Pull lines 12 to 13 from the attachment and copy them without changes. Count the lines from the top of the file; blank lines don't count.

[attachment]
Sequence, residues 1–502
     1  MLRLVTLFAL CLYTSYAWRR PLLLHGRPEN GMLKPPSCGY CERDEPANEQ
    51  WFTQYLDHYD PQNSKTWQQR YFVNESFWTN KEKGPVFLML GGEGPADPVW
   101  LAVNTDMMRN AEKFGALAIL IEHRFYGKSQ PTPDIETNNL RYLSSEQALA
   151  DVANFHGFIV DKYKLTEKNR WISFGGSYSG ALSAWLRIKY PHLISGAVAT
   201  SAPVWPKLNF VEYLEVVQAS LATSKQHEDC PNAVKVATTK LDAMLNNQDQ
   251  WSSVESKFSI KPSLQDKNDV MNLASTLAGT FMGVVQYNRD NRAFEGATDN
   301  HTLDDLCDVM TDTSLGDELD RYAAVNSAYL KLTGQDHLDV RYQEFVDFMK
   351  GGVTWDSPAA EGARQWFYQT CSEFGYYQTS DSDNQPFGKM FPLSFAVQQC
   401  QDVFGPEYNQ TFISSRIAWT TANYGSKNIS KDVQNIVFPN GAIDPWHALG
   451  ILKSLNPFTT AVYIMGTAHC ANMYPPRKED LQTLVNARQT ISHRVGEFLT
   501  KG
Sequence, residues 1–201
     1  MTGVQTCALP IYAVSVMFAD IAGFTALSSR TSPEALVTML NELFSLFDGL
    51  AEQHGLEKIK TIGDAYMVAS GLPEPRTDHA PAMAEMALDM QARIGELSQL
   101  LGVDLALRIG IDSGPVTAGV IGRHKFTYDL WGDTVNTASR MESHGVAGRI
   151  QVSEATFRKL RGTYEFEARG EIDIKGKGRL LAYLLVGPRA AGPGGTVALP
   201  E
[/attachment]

   501  KG
Sequence, residues 1–201